Prominent religious scholars from Afghanistan are to soon visit Pakistan to discuss the agenda for the upcoming Ulema Conference, Afghan officials told The Express Tribune.
The conference, to be held in Kabul, was agreed upon during Afghan peace envoy Salahuddin Rabbani’s visit to Islamabad last month. The conference aims to win religious backing for the peace process in Afghanistan.
Foreign Minister Hina Rabbani Khar and her Afghani counterpart, Zalmai Rassoul, agreed, during their official talks in Islamabad on Friday, to hold the conference in January.
Afghan Foreign Ministry spokesperson Janan Mosazai told The Express Tribune in Islamabad that clerics from both countries will hold consultations to discuss the agenda for the January meet, the first ever bilateral gathering of religious scholars from Afghanistan and Pakistan.
“The Ulema will also discuss names of those scholars who have the capability to play an effective role in pushing the peace process forward,” he said.
Contact with Taliban
Mosazai said Afghanistan wants Pakistan to “facilitate direct contact” between the Taliban and Afghan government, saying Islamabad can “encourage the Taliban” leaders to sincerely join the peace process.
“We also want Pakistan’s help in talks with the Taliban in a third country. Pakistan can help in arranging travel facilities for those Taliban who want to talk to the Afghan government and ensure that they face no threats,” the foreign ministry spokesperson added.
Mosazai welcomed what he called “Pakistan’s first practical step” to release some mid-ranking Taliban prisoners, and hoped that this would pave the way for more steps to push the peace process forward.
Pakistan freed nine Taliban prisoners, including senior commander Anwarul Haq Mujahid, last month, at Rabbani’s request. Four other Taliban prisoners had been freed ahead of Rabbani’s visit.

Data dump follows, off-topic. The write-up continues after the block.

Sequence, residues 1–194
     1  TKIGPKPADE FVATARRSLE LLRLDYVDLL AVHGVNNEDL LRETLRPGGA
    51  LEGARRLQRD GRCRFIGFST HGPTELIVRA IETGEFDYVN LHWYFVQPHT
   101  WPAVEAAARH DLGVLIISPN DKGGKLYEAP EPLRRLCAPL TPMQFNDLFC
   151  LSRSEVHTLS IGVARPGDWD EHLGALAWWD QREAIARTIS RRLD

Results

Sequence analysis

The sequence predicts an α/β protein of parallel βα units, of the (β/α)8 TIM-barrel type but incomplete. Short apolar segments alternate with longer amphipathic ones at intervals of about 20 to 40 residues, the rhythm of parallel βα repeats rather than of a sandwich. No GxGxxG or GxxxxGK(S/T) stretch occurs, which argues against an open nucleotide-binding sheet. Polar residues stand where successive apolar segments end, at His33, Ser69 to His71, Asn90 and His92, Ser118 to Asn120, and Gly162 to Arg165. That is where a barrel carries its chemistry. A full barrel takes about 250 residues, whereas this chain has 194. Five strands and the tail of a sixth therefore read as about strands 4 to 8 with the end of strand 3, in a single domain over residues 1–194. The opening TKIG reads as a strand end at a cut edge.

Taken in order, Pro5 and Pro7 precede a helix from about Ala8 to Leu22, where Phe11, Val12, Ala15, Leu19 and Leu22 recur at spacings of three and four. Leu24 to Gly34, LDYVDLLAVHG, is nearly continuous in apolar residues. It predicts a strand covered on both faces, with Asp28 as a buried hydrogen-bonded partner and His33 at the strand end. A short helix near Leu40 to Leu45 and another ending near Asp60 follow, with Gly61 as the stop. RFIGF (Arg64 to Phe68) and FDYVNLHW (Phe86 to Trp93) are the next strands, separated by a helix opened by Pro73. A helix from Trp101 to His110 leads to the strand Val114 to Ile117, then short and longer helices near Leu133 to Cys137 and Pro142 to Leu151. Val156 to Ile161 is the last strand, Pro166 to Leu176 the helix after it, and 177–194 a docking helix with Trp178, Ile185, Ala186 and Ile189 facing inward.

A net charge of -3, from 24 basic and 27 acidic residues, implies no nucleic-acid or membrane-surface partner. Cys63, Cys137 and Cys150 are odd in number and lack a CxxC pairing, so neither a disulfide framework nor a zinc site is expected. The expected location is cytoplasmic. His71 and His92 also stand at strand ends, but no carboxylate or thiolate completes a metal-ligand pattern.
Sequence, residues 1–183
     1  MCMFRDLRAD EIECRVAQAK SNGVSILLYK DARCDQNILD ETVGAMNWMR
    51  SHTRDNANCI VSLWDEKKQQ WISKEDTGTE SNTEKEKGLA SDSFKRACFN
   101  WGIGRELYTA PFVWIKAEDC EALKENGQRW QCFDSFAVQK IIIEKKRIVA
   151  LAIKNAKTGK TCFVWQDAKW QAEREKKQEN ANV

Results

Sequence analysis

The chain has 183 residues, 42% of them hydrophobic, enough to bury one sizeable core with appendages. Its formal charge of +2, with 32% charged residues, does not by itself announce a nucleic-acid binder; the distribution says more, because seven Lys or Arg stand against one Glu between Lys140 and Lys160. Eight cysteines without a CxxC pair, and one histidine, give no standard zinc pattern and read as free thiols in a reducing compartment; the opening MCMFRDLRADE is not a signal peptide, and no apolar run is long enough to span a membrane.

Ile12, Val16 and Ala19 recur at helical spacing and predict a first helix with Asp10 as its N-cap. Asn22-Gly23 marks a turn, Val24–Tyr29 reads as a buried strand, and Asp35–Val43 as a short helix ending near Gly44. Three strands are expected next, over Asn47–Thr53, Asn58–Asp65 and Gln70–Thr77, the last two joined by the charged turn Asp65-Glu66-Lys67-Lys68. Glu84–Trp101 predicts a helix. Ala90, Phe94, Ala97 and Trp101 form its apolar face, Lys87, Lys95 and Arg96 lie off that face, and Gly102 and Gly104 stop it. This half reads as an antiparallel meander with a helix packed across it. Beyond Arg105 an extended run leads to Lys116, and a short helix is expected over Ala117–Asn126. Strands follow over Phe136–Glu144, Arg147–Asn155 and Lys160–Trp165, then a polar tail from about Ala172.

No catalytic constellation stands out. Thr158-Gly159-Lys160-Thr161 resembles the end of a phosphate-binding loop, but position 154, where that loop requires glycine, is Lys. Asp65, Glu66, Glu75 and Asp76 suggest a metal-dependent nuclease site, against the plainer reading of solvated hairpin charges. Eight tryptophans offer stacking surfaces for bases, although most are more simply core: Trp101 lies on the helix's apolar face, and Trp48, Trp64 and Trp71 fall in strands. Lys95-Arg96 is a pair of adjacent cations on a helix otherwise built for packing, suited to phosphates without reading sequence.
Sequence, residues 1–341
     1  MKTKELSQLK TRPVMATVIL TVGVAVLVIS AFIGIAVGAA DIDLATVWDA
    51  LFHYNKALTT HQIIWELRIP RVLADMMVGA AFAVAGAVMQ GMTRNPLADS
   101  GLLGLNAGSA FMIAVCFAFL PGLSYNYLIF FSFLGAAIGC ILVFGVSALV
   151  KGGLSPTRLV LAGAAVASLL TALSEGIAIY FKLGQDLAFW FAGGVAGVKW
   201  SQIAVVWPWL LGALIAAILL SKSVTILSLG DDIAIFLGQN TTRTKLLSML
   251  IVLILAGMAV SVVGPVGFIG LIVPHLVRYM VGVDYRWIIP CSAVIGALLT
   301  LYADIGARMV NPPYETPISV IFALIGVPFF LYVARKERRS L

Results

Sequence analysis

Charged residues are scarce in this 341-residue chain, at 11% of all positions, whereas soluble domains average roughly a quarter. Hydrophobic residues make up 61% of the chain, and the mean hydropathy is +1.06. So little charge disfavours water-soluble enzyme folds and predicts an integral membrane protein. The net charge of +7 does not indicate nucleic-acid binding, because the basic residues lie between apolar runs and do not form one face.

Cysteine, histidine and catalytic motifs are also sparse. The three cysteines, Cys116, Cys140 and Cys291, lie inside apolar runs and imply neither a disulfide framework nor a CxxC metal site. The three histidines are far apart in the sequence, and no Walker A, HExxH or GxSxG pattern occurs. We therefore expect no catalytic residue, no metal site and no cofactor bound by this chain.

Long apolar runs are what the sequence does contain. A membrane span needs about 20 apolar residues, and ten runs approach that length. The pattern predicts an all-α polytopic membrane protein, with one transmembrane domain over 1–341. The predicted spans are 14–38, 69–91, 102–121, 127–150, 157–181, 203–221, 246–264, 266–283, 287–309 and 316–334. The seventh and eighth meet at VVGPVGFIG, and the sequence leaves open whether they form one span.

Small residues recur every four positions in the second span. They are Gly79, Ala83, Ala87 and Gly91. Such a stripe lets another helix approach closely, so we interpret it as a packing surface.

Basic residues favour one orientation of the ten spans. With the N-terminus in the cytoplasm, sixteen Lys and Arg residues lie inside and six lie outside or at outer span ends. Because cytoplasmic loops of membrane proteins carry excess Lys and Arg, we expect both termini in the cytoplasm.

In addition, a joint statement issued at the conclusion of the day-long visit of the Afghan foreign minister on Friday stated that Pakistan has agreed to release more Taliban detainees.
“We demand the release of all Taliban prisoners in Pakistani jails as we believe they can play practical role in the peace process,” Mosazai said. He added that Pakistan’s role was not limited to the release of prisoners as “we consider it the beginning of more measures for reconciliation.”
According to an Afghan diplomat, all freed Taliban are allowed to go anywhere in Pakistan, Afghanistan or any other country and they would not be stopped or arrested under a safe passage mechanism.
Mosazai listed some issues which are to be resolved before the signing of a proposed strategic partnership agreement between the two countries. Pakistan handed over a draft of proposals for the accord to the Afghan foreign minister during his visit but Kabul has yet to officially share its own.
Masozai said there should be progress and practical steps to solve issues, including the fight against terrorism, shelling from Pakistani soil, implementation of the transit trade agreement and the refugees problem. “A solution to these problems will pave the way for signing the strategic agreement,” he said.
Published in The Express Tribune, December 4th, 2012.